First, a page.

Differences in chocolate

Burning questions

May 03, 2006|By ERICA MARCUS | ERICA MARCUS,NEWSDAY

What's the difference between unsweetened chocolate and bittersweet chocolate?

To understand chocolate nomenclature, you need to understand a little bit about chocolate production. The cacao tree, native to Central America, bears large, football-like pods. These pods contain beans that are fermented, roasted and ground.

When finely ground, the beans turn into a paste called chocolate liquor, from which all other chocolate products derive. The fat in this paste is cocoa butter. When it is extracted, the powder that's left is cocoa. (This is the unsweetened cocoa powder you bake with.)

Unsweetened chocolate is simply unadulterated chocolate liquor, formed into a bar. Without sugar, chocolate is fairly unpalatable and so unsweetened chocolate is used principally as a baking ingredient.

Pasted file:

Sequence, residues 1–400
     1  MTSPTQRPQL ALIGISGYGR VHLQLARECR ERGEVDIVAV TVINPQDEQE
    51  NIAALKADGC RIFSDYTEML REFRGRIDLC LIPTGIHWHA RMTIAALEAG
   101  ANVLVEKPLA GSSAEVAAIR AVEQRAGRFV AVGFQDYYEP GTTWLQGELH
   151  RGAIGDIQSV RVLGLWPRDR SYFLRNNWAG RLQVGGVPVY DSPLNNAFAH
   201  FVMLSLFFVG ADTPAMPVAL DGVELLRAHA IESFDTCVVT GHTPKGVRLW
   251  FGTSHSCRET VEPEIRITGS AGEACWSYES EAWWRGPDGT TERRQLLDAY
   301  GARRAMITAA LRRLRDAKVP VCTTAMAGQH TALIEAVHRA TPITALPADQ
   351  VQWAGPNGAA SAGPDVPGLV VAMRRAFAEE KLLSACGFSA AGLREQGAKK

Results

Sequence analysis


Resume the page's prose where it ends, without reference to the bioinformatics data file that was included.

To make eating chocolate out of unsweetened chocolate, additional cocoa butter and sugar are added. Dark chocolate is a broad term connoting eating chocolate that has no dairy mixed into it. Within this category are various types of chocolate defined by the amount, by weight, of chocolate liquor (i.e., unsweetened chocolate) they contain. The lower the percentage of chocolate liquor, the higher the percentage of sugar, and the sweeter the taste.

Sweet chocolate contains at least 15 percent chocolate liquor. According to the federal government, semisweet and bittersweet both contain at least 35 percent chocolate liquor, but in the marketplace, semisweet chocolates tend to be sweeter than bittersweet.

Erica Marcus writes for Newsday. E-mail your queries to burningquestions@newsday.com, or send them to Erica Marcus, Food/Part 2, Newsday, 235 Pinelawn Road, Melville, NY 11747-4250.

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